On Monday, September 8, Korea began celebrating one of its most popular holidays: Chuseok, the three-day harvest festival celebrated annually on the 15th day of the 8th month on the lunar calendar.
Koreans typically leave their city homes at this time to visit their ancestral hometowns to spend time with their families. It is also one of remembering customs. Traditional Chuseok staples include eating songpyeon, a type of rice cake stuffed with sesame seeds, black beans, and honey, and also engaging in ssireum, a wrestling sport played by people of all ages in which the objective is to make the opponent’s upper body touch the ground.
Most Korean Americans, though they still celebrate Chuseok, do not have the luxury of being able to visit their extended family or ancestral grave sites. So, they celebrate a somewhat modified Chuseok. During the Chuseok that just concluded, Korean American immigrants kept their cultural connection with their homeland alive through festivities.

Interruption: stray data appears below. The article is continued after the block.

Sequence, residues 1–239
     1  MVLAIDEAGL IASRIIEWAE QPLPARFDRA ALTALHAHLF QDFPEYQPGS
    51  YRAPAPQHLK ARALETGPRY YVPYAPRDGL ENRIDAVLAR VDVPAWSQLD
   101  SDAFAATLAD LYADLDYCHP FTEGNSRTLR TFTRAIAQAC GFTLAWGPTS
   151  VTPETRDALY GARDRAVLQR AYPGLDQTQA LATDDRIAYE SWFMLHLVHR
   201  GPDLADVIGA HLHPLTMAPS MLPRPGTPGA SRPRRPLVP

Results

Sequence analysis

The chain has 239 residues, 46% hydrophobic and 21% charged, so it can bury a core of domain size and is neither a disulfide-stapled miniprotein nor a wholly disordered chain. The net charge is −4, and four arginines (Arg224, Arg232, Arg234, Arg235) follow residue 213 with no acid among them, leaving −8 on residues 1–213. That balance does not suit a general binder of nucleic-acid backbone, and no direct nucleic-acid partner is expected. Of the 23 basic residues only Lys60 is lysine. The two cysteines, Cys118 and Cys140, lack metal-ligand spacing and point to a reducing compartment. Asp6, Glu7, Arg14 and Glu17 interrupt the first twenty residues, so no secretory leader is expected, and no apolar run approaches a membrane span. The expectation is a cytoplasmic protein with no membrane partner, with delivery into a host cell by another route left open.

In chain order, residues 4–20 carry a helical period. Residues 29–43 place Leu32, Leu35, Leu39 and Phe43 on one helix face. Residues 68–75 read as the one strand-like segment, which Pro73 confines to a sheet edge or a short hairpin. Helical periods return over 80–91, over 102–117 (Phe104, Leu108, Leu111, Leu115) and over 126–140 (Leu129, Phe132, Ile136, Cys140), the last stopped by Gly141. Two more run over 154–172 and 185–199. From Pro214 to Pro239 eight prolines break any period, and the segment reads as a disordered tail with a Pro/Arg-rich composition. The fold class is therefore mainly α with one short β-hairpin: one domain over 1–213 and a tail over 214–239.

“Even though only my immediate family lives here, we still celebrate Chuseok as a way to remember our heritage,” said Jason Lee, a senior at Beckman High School.
“Still,” he added, “I feel sad because we aren’t able to celebrate with the rest of our family and we’re separated from them.”
Despite these inconveniences, Korean-American families find ways to customize their traditional Chuseok experience.
“We still eat the songpyeon and do all the traditional customs, but we FaceTime or Skype our relatives in Korea so, although we don’t see them often, we can at least see each other’s faces during Chuseok,” said Junie Lee, a Korean-born immigrant who moved to America at an early age.
Despite being separated from their family and friends, Korean-Americans still celebrate Chuseok in their own way as a means of reconnecting to the culture they left behind.